Bronchoscopic dilatation in the management of benign (non-transplant) tracheobronchial stenosis
Background: Tracheobronchial stenosis in the adult patient is a recognized postoperative complication of sleeve resection or lung transplantation, but also occurs in medical conditions such as sarcoidosis, tuberculosis, postintubation/tracheostomy or postradiation.
Aims: To assess the response of bronchoscopic dilatation in the management of benign (non-transplant) tracheobronchial stenosis and the longevity of symptomatic relief.
Methods: Eight patients underwent bronchoscopic dilatation for benign (non-transplant) tracheobronchial stenosis. The indications were post-tuberculous bronchostenosis (n = 3), post-tracheostomy/endotracheal intubation strictures (n = 3), postradiation bronchostenosis (n = 1) and narrowing of the tracheal lumen following a muscle flap surgery for tracheoesophageal fistula (n = 1).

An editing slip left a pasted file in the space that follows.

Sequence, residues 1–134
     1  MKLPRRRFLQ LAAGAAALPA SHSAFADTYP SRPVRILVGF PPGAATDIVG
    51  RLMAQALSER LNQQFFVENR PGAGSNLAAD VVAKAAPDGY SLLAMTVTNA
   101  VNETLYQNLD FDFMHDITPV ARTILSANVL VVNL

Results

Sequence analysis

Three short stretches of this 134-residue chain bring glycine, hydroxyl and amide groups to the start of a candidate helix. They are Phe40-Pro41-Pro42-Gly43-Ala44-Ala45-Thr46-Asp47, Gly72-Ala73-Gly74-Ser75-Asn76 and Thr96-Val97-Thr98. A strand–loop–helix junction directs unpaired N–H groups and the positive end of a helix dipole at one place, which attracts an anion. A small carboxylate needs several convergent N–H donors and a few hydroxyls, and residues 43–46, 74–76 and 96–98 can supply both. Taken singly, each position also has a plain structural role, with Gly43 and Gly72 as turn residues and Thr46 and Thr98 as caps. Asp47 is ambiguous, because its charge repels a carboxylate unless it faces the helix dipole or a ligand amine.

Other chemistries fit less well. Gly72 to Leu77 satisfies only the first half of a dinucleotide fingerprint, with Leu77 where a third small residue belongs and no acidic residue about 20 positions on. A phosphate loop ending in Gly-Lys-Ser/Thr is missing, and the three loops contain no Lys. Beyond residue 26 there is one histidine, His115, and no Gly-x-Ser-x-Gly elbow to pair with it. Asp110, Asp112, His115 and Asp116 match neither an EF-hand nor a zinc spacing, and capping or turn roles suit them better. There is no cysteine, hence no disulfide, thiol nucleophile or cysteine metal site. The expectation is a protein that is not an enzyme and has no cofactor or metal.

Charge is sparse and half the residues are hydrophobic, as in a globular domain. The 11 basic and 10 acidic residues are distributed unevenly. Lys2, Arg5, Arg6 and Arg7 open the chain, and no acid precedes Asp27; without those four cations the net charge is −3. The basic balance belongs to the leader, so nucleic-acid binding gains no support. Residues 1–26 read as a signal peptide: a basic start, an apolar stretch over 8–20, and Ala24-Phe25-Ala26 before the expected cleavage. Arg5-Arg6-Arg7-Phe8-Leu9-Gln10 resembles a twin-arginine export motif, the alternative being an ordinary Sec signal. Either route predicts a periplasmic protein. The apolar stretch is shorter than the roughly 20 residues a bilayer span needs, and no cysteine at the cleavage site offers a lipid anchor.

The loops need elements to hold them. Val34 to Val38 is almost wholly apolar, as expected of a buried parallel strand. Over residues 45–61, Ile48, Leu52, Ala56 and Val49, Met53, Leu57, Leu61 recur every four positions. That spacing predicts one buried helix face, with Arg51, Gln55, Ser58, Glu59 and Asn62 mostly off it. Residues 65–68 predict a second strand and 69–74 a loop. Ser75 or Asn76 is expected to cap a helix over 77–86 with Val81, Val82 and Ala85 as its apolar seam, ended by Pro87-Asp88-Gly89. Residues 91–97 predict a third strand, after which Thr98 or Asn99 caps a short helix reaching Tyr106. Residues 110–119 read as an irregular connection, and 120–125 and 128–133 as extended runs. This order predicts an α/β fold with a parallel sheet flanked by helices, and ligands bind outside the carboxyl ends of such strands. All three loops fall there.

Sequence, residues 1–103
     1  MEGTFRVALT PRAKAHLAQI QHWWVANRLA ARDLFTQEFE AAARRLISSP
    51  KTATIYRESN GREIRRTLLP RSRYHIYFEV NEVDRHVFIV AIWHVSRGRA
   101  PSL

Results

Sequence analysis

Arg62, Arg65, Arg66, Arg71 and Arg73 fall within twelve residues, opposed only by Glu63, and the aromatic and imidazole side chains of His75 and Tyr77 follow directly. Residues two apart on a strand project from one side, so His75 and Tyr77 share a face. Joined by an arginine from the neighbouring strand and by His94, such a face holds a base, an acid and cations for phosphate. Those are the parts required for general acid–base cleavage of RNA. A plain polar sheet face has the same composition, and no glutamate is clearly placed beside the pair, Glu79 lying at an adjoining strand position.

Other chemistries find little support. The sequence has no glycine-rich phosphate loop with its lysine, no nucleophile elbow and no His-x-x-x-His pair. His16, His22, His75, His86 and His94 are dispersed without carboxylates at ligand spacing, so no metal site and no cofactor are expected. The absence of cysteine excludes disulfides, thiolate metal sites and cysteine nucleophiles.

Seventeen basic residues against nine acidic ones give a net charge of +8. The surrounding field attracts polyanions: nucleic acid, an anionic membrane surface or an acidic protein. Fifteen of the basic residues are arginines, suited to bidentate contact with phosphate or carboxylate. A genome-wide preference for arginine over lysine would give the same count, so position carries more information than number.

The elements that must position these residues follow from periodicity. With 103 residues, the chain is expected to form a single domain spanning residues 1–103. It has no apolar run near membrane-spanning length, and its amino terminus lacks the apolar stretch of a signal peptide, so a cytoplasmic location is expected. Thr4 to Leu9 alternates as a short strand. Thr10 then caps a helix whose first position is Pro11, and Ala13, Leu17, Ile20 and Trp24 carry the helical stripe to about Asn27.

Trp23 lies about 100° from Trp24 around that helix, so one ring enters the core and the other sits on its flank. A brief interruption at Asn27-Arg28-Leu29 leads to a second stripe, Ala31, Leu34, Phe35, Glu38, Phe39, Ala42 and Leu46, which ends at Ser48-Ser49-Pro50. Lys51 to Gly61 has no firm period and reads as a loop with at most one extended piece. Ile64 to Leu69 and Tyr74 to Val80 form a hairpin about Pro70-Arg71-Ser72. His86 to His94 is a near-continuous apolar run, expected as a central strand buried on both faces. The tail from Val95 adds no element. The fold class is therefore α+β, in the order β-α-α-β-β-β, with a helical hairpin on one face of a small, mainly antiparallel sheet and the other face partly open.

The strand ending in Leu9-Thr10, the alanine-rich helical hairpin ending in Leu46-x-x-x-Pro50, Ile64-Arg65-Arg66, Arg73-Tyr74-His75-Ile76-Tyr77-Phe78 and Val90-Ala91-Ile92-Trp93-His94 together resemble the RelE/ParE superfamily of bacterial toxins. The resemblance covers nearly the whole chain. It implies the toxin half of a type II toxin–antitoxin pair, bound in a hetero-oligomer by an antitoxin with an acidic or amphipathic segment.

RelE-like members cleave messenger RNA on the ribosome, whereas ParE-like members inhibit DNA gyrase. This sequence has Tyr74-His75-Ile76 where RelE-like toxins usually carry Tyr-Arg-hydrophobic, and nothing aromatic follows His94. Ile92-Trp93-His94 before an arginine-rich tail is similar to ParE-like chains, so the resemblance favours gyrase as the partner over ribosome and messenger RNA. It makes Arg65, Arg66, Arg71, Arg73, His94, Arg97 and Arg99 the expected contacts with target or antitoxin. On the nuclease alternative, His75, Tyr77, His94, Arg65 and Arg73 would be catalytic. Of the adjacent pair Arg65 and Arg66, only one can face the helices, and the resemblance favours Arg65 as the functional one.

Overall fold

Results: Dilatation alone was effective in the management of four patients (50%). Two patients had stent placement postdilatation, one patient had tracheal resection and primary anastomosis and one patient had laser ablation for restenosis followed by balloon dilatation. All patients had clinical improvement. One patient was successfully weaned off mechanical ventilation and extubated. There was no procedure-related mortality and all patients were alive and well at the time of reporting, with a mean duration since procedure of 123 ± 105 (range 8–340) weeks. The complications observed were granuloma formation at the site of laser excision and restenosis, each in one patient.
Conclusions: Bronchoscopic dilatation is a safe and effective modality in the initial assessment and management of benign tracheobronchial stenosis. Stent placement and Nd:YAG laser therapy complement a dilatation procedure in the combined bronchoscopic treatment of benign tracheobronchial stenosis. (Intern Med J 2001; 31: 512–516)